Essay / Theology

What They Wrote About When They Wrote About Creation

In the first couple of pages of Paul Blowers’ fine book Drama of the Divine Economy: Creator and Creation in Early Christian Theology and Piety, he explains something important about his subject. Reading early Christian theologians on the subject of creation, we find them doing too many things all at once. Some readers will find this frustrating and distracting; others will find it intoxicating and evocative. But whatever your reaction to the phenomenon, it’s definitely there: when they write about creation, they write about everything all at once. In particular, they write about God and humanity and salvation and eschatology.
The word creation, as Blowers points out, has a lot of meanings:
“Creation” evokes different things: the initial divine action of creating, the created world as a fait accompli, the “otherness” and “createdness” of the cosmos in relation to its uncreated Creator, the divine work of preserving and renewing the created world, and more. All are important and mutually inextricable in Christian understanding. The “doctrine of creation” in the early church is in turn a multiplex, indeed kaleidoscopic construction. (1)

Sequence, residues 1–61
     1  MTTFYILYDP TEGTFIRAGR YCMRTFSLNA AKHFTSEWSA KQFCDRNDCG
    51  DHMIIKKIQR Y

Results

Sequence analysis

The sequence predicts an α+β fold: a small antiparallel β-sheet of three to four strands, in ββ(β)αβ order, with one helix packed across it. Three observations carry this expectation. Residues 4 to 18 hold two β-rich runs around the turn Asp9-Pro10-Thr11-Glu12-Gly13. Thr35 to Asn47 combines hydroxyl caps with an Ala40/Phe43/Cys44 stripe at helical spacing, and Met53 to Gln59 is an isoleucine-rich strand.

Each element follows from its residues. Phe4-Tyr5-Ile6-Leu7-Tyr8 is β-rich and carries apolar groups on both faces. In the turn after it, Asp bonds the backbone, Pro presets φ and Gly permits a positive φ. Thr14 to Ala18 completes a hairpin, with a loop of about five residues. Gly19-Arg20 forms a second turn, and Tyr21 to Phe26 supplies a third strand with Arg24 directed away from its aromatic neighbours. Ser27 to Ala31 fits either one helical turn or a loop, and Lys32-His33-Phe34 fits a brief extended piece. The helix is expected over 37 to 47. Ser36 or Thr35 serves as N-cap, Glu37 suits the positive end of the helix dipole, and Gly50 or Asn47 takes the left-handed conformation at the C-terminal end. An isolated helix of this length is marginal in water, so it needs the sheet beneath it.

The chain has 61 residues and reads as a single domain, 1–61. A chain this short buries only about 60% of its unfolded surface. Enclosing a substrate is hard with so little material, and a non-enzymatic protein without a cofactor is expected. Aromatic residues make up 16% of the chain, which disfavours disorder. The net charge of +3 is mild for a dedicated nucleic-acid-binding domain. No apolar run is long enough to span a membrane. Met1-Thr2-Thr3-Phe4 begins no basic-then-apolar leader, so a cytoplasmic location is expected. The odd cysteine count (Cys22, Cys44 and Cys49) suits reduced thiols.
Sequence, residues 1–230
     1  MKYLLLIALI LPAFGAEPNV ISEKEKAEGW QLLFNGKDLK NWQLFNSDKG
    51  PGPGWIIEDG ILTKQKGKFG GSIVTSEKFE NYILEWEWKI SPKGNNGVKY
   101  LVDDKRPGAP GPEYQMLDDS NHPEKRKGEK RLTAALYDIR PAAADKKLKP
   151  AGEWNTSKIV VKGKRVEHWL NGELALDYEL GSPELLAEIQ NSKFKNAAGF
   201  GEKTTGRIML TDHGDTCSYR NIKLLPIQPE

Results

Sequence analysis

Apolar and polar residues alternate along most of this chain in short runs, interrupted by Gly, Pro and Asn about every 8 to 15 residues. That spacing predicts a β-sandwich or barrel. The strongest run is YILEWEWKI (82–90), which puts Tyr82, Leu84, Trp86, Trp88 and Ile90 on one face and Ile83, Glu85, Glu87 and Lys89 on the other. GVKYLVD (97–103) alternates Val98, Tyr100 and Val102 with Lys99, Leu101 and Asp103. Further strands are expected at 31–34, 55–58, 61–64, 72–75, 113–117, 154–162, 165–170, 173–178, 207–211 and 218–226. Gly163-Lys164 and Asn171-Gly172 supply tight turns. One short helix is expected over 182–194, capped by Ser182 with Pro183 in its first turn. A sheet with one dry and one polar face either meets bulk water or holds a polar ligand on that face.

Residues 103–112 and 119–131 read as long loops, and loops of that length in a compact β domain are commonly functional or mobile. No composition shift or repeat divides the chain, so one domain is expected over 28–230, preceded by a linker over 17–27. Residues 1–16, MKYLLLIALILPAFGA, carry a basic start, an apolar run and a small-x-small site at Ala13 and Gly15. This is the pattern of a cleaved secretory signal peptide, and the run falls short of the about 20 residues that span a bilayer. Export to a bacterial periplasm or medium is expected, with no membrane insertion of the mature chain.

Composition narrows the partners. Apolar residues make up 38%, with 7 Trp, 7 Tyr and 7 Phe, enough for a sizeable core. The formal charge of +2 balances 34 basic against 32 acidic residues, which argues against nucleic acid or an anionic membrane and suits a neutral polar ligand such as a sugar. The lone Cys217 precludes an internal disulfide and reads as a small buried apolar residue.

So early Christian discourse about creation includes more than we usually expect:
It includes not just the origins of the world (cosmogony) and the nature and structure of the universe (cosmology) but also properly theological considerations about the precise relation of the triune Creator to the time-bound creation and the ontological chasm (diastema) that separates them while also constituting the frontier, as it were, of their enduring interaction and communion.  (1)
Even if a reader attempts to isolate the doctrine of humanity from this creational manifold, the saturated and kaleidescopic character of the doctrine keeps showing up:
Additionally, there are integral issues of theological anthropology, since the origin, vocation, and destiny of humanity constitute for many patristic thinkers a microcosm of the drama of the universe. (2)

Christology and soteriology, Blowers points out, are not topics to be put aside and taken up later; instead, they are the “focusing lens… in the early Christian vision of creation.” (2) In short, for early Christian writers, “creation was confessed not in isolation but in a normative relation to God’s overall salvific action in the world.” (2)

Again: “Writers throughout the patristic age rarely, if ever, undertook straightforward expositions of cosmogony, metaphysics, physics, astronomy, etc. in isolation from ulterior theological and didactic concerns.” (3) The sermonic and salvific element is there on purpose. In modern idiom we might say patristic creation theology was existential, or at least that the story of salvation is hermeneutically present in the situation of the reader, and these authors more or less knew it. In Blowers’ telling, as early as Origen we get “what is best termed “moral cosmology” and, more broadly, “theological cosmology.”  (3)

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